City of Toronto scrambles to track traffic tickets owed by its own employees
TORONTO -- The City of Toronto is scrambling to figure out how much its employees owe in automated speeding and red light camera tickets after questions from CTV News Toronto.
The confusion is thanks to the way the city handled the $85,000 in tickets it issued over the past year to many of its own employees: it pays up front, and then tries to recover the cost from the worker behind the wheel.
At last count, the city could verify that $14,000 had been repaid — under 20 per cent — though the figures are in flux as staff reach out to the city’s divisions and agencies, which are individually responsible for enforcing the policy.
Amid questions from critics about whether all drivers are being treated equally by the automated cameras, Toronto Mayor John Tory says he’s ordered a fix to avoid the appearance of a “two-tiered" system.
“These numbers only came to my attention thanks to the good work of CTV News, and I’m not satisfied with them,” Tory told reporters at a news conference Tuesday.
“We have to do a better job, they’re on it, finding a better way to make sure these fines are collected,” he said.
The speeding and red light tickets are issued almost automatically when a car is photographed breaking traffic rules — a necessary evil designed to make Toronto’s roads less deadly.
The city has issued about 200,000 automated speeding tickets and about 68,000 red light camera tickets since July 2020.
Many drivers pay to avoid consequences to their license or a lengthy appeal. The city says as the owner of the vehicle has to pay up front to avoid legal consequences down the road.
In 2020 and 2021, the City of Toronto said its drivers were issued $85,037 worth of tickets.
The city can confidently say it recovered $14,384.50 of that at this point. But that leaves about $70,652.50 outstanding.
Figuring out who drove a city vehicle is a bureaucratic headache because the city has thousands of vehicles and thousands of employees who might have been behind the wheel.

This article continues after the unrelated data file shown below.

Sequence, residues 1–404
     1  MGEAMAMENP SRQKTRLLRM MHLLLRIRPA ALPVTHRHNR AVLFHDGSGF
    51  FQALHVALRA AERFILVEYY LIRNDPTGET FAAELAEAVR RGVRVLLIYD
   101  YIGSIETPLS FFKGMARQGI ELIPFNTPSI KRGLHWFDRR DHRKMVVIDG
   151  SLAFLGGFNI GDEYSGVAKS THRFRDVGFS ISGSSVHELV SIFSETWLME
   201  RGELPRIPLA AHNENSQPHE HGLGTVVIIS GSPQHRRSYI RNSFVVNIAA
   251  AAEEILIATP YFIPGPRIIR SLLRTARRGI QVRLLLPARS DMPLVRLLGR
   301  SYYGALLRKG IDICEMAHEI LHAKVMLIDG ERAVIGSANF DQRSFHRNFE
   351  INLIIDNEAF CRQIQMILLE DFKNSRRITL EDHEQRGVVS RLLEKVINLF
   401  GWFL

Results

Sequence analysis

On top of that, city staff said the automated cameras are relatively new, and staff say it has been difficult to track tickets during the COVID-19 pandemic.
The city said that it also has programs that focus on “awareness, promoting prevention and addressing critical issues such as repeat violators or high speed offenders rather than the monetary recoveries, which remain the responsibility of supervisors and staff.”
Jay Goldberg of the Canadian Taxpayers Federation said if city workers aren’t consistently asked to pay their fines, then one incentive for driving safely is removed.
“If this is genuinely a question of public safety, then everyone across the board needs to be paying the same fines at the same rate,” he said.
City Councillor Stephen Holyday, whose ward was briefly the most-ticketed in the city by automated means, said he expects employees to be held accountable.
“It is my expectation that city workers are operating vehicles and equipment safety and according to the rules of the road. It’s important to set an example to the public.”
Some City of Toronto agencies operate differently than others. The Toronto Transit Commission told CTV News Toronto that it simply forwards its tickets to the driver and has no role in repayment.
The City of Toronto’s Fire Services said it had received nine red light tickets to date, which have all been forwarded to staff for payment directly.
Fire vehicles received 44 automatic speed enforcement tickets, worth $4,262.50, and it was appealing $2,311 worth of tickets on the grounds they were issued while the vehicle was responding to an emergency.
Paramedics appealed 33 out of 50 speeding tickets since August.